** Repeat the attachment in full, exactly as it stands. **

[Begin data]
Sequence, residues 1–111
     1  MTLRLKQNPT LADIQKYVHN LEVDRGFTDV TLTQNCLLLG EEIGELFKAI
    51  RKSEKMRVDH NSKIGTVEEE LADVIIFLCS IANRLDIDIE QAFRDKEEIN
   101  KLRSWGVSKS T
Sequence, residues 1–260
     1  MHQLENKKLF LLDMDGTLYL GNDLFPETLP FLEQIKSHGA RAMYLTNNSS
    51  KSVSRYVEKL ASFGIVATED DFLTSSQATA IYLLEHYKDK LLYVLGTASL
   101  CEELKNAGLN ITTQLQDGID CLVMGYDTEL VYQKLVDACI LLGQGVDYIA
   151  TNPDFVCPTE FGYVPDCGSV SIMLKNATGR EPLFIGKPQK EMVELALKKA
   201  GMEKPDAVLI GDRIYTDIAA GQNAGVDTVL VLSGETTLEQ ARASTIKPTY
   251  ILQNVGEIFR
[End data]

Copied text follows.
Sequence, residues 1–111
     1  MTLRLKQNPT LADIQKYVHN LEVDRGFTDV TLTQNCLLLG EEIGELFKAI
    51  RKSEKMRVDH NSKIGTVEEE LADVIIFLCS IANRLDIDIE QAFRDKEEIN
   101  KLRSWGVSKS T
Sequence, residues 1–260
     1  MHQLENKKLF LLDMDGTLYL GNDLFPETLP FLEQIKSHGA RAMYLTNNSS
    51  KSVSRYVEKL ASFGIVATED DFLTSSQATA IYLLEHYKDK LLYVLGTASL
   101  CEELKNAGLN ITTQLQDGID CLVMGYDTEL VYQKLVDACI LLGQGVDYIA
   151  TNPDFVCPTE FGYVPDCGSV SIMLKNATGR EPLFIGKPQK EMVELALKKA
   201  GMEKPDAVLI GDRIYTDIAA GQNAGVDTVL VLSGETTLEQ ARASTIKPTY
   251  ILQNVGEIFR